The Education of Millionaires: It's Not What You Think and It's Not Too Late (Portfolio) by Michael Ellsberg
An interesting book, and it is interesting more for what it points you to than what it says. The author seems very smart and very well connected, and it is to these connections that the book bring the most value, my list of books to read next has just grown much larger. This is a book on self education, and how to make the most of what and who you know. Make sure you buy a copy.
He had by that time spent a decade of his life in passionate pursuit of learning things that would make him successful—sales, marketing, leadership, management, finance, and accounting—within the context of owning real-world businesses, with his own money at stake.
Have you ever stopped to ponder how utterly bizarre this state of affairs is? How in the world did we all get so convinced that academic rigor constituted a prerequisite, necessary, and sufficient training for success in life?
Sir Ken Robinson, author of The Element: How Finding Your Passion Changes Everything, has pondered this puzzling question a lot.
Libertarian critic of our current educational system Charles Murray makes the point another way: “We should look at the kind of work that goes into acquiring a liberal education at the college level in the same way that we look at the grueling apprenticeship that goes into becoming a master chef: something that understandably attracts only a limited number of people.”
Developing your practical intelligence will have far more impact on the quality and success of your life.
According to Gladwell, the main difference is that, in addition to his rocket-high IQ, Oppenheimer also possessed exceptional practical intelligence in navigating his way through the people who could influence his success in the world, “things like knowing what to say to whom, knowing when to say it, and knowing how to say it for maximum effect.” Langan in turn possessed little of this kind of intelligence, and thus was never able to gain much of a toehold in the world of practical achievement. In his book, Gladwell shows that once a person has demonstrated passable logical, analytic, and academic skills, other factors have much more influence on real-world results—specifically, creativity, innovative thinking, and practical and social intelligence. To the extent that we develop these aptitudes in our lives, we tend to do so out in the real world, not in formal institutions.
I was earning money because I had become good at marketing and selling my copywriting services. There are boatloads of good freelancers who are broke, simply because they don’t know how to market and sell their services. Lifelong learning and professional development are necessities in the current career environment; this book is your guide to self-education for success in the twenty-first century. Yet, the lives of the people profiled in this book show conclusively that education is most certainly not the same thing as academic excellence.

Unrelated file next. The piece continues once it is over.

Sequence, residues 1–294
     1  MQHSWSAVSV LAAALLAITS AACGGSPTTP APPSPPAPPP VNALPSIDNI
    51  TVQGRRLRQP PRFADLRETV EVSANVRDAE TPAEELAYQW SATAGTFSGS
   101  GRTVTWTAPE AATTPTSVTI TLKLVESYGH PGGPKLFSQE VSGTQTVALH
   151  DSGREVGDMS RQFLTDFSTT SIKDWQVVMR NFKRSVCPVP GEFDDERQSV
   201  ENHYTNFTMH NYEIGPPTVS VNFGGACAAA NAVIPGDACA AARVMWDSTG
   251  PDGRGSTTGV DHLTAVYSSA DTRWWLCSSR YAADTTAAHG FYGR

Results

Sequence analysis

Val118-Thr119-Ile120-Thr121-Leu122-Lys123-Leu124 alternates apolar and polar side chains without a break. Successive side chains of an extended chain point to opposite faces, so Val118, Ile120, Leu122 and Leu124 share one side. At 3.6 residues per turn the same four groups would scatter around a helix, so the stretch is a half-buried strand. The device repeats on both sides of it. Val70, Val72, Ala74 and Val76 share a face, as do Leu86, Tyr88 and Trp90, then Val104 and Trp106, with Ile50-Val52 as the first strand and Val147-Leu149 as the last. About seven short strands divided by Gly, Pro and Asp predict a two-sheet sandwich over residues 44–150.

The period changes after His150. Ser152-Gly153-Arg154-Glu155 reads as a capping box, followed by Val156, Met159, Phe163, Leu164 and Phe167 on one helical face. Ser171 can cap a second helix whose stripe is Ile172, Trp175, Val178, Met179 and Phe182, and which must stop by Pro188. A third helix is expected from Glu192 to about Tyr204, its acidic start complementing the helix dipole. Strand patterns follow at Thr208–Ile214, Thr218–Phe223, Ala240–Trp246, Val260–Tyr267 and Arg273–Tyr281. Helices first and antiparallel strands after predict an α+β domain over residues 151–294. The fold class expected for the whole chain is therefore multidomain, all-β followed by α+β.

The driving theme of the stories in this book is that, even though you may learn many wonderful things in college, your success and happiness in life will have little to do with what you study there or the letters after your name once you graduate. It has to do with your drive, your initiative, your persistence, your ability to make a contribution to other people’s lives, your ability to come up with good ideas and pitch them to others effectively, your charisma, your ability to navigate gracefully through social and business networks (what some researchers call “practical intelligence”), and a total, unwavering belief in your own eventual triumph, throughout all the ups and downs, no matter what the naysayers tell you.
The Education of Millionaires: It's Not What You Think and It's Not Too Late (Portfolio)
First, job security is dead, as anyone who has had a job recently knows. You’re going to have many different jobs, employers, and even careers in your life. So where you get your first, entry-level one—the single thing that a BA credential really helps with—becomes less and less relevant. Building a portfolio of real-world results and impacts you’ve created, over time, becomes more and more relevant. Second, the Internet, cell phones, and virtually free longdistance calling have created new opportunities for flexible, self-created, independent careers; this trend has been helped along by the gathering storms of millions of hungry, highly educated young men and women in India, China, Eastern Europe, the Philippines, and elsewhere, happy to do the work that entry-level Organization Men would have done in years past, for a fraction of the cost. This emerging competition has encouraged many people in the West to “think outside the organization” to create careers for themselves that can’t be outsourced, offshored, or automated.